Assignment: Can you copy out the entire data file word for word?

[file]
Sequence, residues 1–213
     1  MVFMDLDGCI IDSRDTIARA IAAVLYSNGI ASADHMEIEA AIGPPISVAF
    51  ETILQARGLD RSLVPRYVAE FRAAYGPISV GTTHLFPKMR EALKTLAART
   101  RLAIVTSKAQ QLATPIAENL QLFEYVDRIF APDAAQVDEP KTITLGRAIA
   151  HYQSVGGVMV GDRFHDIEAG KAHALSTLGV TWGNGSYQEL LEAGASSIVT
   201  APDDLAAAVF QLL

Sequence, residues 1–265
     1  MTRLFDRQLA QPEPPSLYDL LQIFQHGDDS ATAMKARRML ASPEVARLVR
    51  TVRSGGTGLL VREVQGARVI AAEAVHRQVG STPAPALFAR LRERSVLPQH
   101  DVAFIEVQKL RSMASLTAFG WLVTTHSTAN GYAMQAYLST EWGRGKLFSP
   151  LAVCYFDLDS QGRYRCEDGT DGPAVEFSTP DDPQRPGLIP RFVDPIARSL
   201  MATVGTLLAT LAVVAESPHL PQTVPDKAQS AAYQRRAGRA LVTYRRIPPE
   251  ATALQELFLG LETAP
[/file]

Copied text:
Sequence, residues 1–213
     1  MVFMDLDGCI IDSRDTIARA IAAVLYSNGI ASADHMEIEA AIGPPISVAF
    51  ETILQARGLD RSLVPRYVAE FRAAYGPISV GTTHLFPKMR EALKTLAART
   101  RLAIVTSKAQ QLATPIAENL QLFEYVDRIF APDAAQVDEP KTITLGRAIA
   151  HYQSVGGVMV GDRFHDIEAG KAHALSTLGV TWGNGSYQEL LEAGASSIVT
   201  APDDLAAAVF QLL

Sequence, residues 1–265
     1  MTRLFDRQLA QPEPPSLYDL LQIFQHGDDS ATAMKARRML ASPEVARLVR
    51  TVRSGGTGLL VREVQGARVI AAEAVHRQVG STPAPALFAR LRERSVLPQH
   101  DVAFIEVQKL RSMASLTAFG WLVTTHSTAN GYAMQAYLST EWGRGKLFSP
   151  LAVCYFDLDS QGRYRCEDGT DGPAVEFSTP DDPQRPGLIP RFVDPIARSL
   201  MATVGTLLAT LAVVAESPHL PQTVPDKAQS AAYQRRAGRA LVTYRRIPPE
   251  ATALQELFLG LETAP